An interesting theme that cuts through From Internationalism to Postcolonialism concerns how Third World intelligentsias understood the Soviet Union’s behavior differently: while Western communists and progressives denounced the USSR for Hungary in 1956, Prague in 1968, and Afghanistan in 1978, African and Asian leftists were more concerned that the discourse of “peaceful coexistence” would undermine the anti-imperial basis of the Soviet alliance. For example, 1978’s significance lay not in the brutal invasion of Afghanistan, but in Egypt’s treachery against the Palestinians when Egyptian President Anwar Sadat signed the Camp David Accords. Afterward, Egyptians writers (previously at the forefront of the movement) were no longer invited to the Afro-Asian Writers’ Conference in Tashkent.
This moment of exclusion points to the larger problem of the Afro-Asian Writers Association and Djagalov’s challenge to make the book both about Soviet diplomatic ties with the Third World and about the USSR’s cultivation of world literature: writers were intimately tied to their own nations of origin, along with the politics of those states, rather than simply being progressive African and Asian writers in their own right. They were consequently made to embody their own states’ political perspectives. Consequently, we got the impression that the association at the center of this book was never about literature to begin with. That said, the Lotus journal, and Lotus Prize that went along with it, helped popularize the authors’ work and launched many careers in the Third World. For filmmakers, the Soviet film industry routinely purchased African and Asian films to support the filmmakers and their countries, but never intended to show such copies because they knew audiences would avoid them.
Both of these examples highlight an important point in From Internationalism to Postcolonialism. Third World writers and filmmakers expected their relationship with the Soviet Union to produce results, above and beyond military and development aid to their countries. They expected the USSR to support a consistent anti-imperial agenda and many of them demanded a voice in articulating that agenda. KUTV students and members of the Afro-Asian Writers Association were not mere receptacles of Soviet ideology, but were outspoken and downright defiant when told to adopt Marxism-Leninism hook, line, and sinker. Djagalov argues that throughout this relationship, Third World writers always insisted on their own ideas, and Soviet authorities generally provided the space for them to voice these ideas. What Third World writers hoped to gain from the Soviet Union was complicated: on the one hand, they needed Soviet publishing resources and networks of readers, but in coming within the Soviet orbit, they also gained entry to the Soviet Republic of Letters that promoted an anticapitalist and anticolonial agenda even if the bureaucratic world of Soviet officialdom that they encountered sometimes undermined this community.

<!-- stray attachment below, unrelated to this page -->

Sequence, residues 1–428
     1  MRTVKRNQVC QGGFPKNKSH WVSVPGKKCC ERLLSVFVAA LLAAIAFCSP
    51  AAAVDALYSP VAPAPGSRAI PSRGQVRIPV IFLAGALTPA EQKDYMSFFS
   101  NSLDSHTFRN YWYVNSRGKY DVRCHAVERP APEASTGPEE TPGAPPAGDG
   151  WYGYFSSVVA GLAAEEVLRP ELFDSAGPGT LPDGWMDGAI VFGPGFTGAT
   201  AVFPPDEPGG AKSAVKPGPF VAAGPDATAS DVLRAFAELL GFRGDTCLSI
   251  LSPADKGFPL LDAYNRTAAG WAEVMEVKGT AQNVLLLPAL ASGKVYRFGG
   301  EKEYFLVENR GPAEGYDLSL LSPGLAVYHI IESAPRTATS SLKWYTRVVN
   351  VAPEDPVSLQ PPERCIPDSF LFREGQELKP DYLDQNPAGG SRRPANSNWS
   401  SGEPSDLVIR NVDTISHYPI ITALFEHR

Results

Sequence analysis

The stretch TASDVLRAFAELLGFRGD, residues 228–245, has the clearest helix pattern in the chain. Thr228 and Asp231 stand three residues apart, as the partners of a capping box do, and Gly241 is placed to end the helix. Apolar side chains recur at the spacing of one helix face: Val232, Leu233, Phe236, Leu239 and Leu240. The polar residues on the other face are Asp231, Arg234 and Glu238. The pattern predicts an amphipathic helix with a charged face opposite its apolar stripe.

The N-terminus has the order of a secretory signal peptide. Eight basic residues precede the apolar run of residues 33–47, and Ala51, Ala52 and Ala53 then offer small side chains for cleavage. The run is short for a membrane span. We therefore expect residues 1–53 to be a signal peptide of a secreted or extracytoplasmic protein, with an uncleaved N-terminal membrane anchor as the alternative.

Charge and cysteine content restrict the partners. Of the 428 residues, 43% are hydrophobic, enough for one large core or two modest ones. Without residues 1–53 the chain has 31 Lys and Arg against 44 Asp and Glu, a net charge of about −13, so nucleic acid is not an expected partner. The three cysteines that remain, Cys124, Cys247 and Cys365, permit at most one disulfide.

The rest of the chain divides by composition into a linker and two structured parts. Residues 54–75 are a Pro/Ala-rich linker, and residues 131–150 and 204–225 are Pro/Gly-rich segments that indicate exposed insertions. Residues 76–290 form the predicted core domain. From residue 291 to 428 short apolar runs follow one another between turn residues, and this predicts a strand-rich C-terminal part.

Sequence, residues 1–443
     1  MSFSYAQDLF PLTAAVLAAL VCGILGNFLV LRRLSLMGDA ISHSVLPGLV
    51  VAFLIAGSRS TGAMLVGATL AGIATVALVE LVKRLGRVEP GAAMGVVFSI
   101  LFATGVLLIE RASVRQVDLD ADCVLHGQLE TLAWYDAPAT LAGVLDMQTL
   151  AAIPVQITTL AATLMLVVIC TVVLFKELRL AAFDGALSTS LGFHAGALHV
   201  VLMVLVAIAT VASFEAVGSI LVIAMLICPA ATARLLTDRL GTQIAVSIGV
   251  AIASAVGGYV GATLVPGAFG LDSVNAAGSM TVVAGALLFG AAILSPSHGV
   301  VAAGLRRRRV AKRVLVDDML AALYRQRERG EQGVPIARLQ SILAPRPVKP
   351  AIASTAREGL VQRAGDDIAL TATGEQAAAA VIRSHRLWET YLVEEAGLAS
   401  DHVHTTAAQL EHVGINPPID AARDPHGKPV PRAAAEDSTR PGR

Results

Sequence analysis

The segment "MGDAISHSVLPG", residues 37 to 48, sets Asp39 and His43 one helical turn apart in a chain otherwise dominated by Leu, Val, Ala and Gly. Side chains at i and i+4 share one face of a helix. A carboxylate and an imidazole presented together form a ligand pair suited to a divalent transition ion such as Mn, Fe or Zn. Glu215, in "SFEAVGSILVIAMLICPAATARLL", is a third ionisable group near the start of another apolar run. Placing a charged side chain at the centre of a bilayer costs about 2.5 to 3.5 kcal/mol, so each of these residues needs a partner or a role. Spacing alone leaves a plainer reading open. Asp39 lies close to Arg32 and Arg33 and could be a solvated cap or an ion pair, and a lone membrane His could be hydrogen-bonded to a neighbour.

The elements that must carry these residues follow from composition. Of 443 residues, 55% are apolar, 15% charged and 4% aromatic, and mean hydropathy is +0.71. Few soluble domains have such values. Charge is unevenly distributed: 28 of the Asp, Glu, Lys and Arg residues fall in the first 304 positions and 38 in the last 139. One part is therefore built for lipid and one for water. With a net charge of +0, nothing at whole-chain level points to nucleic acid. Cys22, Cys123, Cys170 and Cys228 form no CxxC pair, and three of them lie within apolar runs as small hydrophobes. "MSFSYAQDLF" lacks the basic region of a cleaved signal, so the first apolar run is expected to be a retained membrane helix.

As I hope is obvious in this review, Djagalov’s contribution is immense: at once a work of diplomatic history that situates postcolonial literature within the unexpected framework of socialist internationalism, From Internationalism to Postcolonialism is also a rehabilitation of Third World writers whose work largely had been forgotten as unexceptional “national allegory.” Djagalov’s command of postcolonial studies and Cold War diplomatic history is impressive, and I hope the book finds its audience within both of these divergent fields.
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Joshua First. Review of Djagalov, Rossen, From Internationalism to Postcolonialism: Literature and Cinema between the Second and the Third Worlds.